As a toddler aged three, Wilkie was playing with a ball in the hallway of his home when there was a knock at the door. It opened to reveal the figure of Jim McLean.
The former defender, a future servant of both of the city's senior clubs, was brought up a diehard United fan by his father Bruce, who went to games home and away, in Europe, the lot. Wilkie Snr had been angered enough by something to pen an angry letter to the club. Little did he suspect the legendary manager would arrive on his doorstep to talk it over.
Wilkie said: "My dad was a bit surprised that Jim McLean turned up at the house wanting to speak to him. I asked him about it a few months ago, because it just kind of popped into my head. He is maybe a wee bit embarrassed about it now."
After wholeheartedly making the transition to Dundee supporter during Wilkie's eight years with them, then reverting to type as Wilkie became a legend at Tannadice, these days Bruce will take more interest in the activities of junior outfit Dundee Violet than today's William Hill Scottish Cup quarter-final at Dens Park.
Wilkie Jnr, meanwhile, is ensconced as Stuart Garden's assistant manager at Montrose. But the tradition of free advice being handed over from the Wilkie household directly to the Tannadice boardroom remains to the present day. Wilkie, who shared a couple of Scotland squads with Jackie McNamara, gave the former Partick Thistle manager his wholehearted endorsement when he spoke to chairman Stephen Thompson prior to his appointment.
"I spoke to Stephen Thompson before he announced [McNamara], just to give my thoughts, and for what it is worth, I said I thought he is a good person and will do a good job," Wilkie said. "Most chairmen will ask people's opinions who have been around managers in the game. He probably didn't take too much notice of what I said but I suppose my opinion together with other people's might have made a difference. I didn't say anything negative about Steven Pressley, I think he would have been a good appointment as well. But Jackie has a lot of respect in the game and I think that will come across."
If the early signs at Tannadice indicate precisely that, Wilkie must also declare a personal interest in the events unfolding at Dundee. Although he wishes the incoming manager John Brown all the best, Wilkie was a team-mate of Barry Smith's between 1998 and 2006 and sympathises with the peremptory end to his friend's 17-year stint at the Dens Park to the extent that he has offered him the chance to remain in the game in an unofficial capacity at Montrose. "Myself, Stuart Garden, and John Sheran have asked Barry if he wants to get involved a little bit, if he wants to take a session or do a match report, just to keep his hand in," said Wilkie. "I think that is what he will do – just try to keep himself out the house as much as possible. The desire is definitely still there in Barry, he is a young manager and every single manager's cv has some disappointments on it."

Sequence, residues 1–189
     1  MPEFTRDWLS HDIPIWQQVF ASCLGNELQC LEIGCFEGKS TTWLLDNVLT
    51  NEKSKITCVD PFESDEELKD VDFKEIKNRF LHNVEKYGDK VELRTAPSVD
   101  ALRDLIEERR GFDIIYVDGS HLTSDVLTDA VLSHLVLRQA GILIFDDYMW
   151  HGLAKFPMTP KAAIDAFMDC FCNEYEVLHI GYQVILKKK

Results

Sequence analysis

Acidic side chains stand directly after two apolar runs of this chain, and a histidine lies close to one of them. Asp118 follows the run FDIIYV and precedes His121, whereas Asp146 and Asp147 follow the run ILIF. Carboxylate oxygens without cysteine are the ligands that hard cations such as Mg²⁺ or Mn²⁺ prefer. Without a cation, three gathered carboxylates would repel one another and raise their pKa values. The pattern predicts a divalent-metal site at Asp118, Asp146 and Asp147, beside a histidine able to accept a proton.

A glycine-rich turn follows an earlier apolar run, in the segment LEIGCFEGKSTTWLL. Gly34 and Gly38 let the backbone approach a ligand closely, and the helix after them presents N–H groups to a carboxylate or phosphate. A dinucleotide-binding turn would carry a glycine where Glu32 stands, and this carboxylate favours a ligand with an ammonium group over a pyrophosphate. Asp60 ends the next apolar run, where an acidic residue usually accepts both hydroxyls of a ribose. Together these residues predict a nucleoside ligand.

After a 2-2 draw in a mini-Tayside derby against St Johnstone in midweek, today's real thing promises to be a huge game for Brown, whose appointment sparked a chaotic and conflicted response from the club's support.
"The board and the manager will both be desperately hoping they win the derby, because that will prove to the fans it will have been the right appointment," said Wilkie. "But if Dundee don't win it there could be major problems. I think the fans wouldn't be happy at all. But there is no way they could bring John in for that one game, then get rid of him if they lose it. They need to keep him until the end of the season now. I genuinely hope he does well, even though Barry is a close friend. These things happen. I just feel a bit sorry for him having to come into that situation. You wouldn't wish it on anyone coming into a new job."
"[Brown's appointment] just came out the blue so much. It didn't seem right that they said they had so many good candidates and then they gave the job to someone who has got a lot of respect and experience in the game as a player, but maybe not quite so much on the coaching side of things. It seems to be that the fans feel out of touch with the board, which is ironic because they have fans on the board. I do feel sorry for the Dundee fans because they need a bit of stability at their club and they haven't had that for years.
"I actually think Barry was achieving that in a sense, then getting thrown into the SPL disrupted it a little bit. He was preparing a team to win the First Division, but suddenly they were in the SPL, and that put a spanner in the works."
Wilkie intends to remain neutral today – he is hoping for a 2-2 draw – but considering his previous travails in this competition, cup glory for either club would be something to treasure. At Dundee, a tackle on his future team-mate Barry Robson caused him to miss out on a 1-0 Scottish Cup final appearance against Rangers: "It was an Amoruso header and I probably would have been picking him up," he jokes.
The boyhood United fan had to endure most of the club's infamous Scottish Cup final jinx and was posted missing as they finally lifted the trophy against Rangers in 1995. Come May 2010, when he was counting time on his career after a series of knee injuries, at least Wilkie had the privilege of lifting the trophy with Andy Webster when United finally prevailed against Ross County.
"Obviously you would have loved to have won it as a player, there would have been nothing better than that, but second best is what happened and I really appreciate everybody allowing me to do that.
"I never got a medal, but I wouldn't have accepted a medal being honest because I never took any part. There was a part of me that felt slightly embarrassed doing what I did, but I'm glad I did it, because if I hadn't I would have regretted it."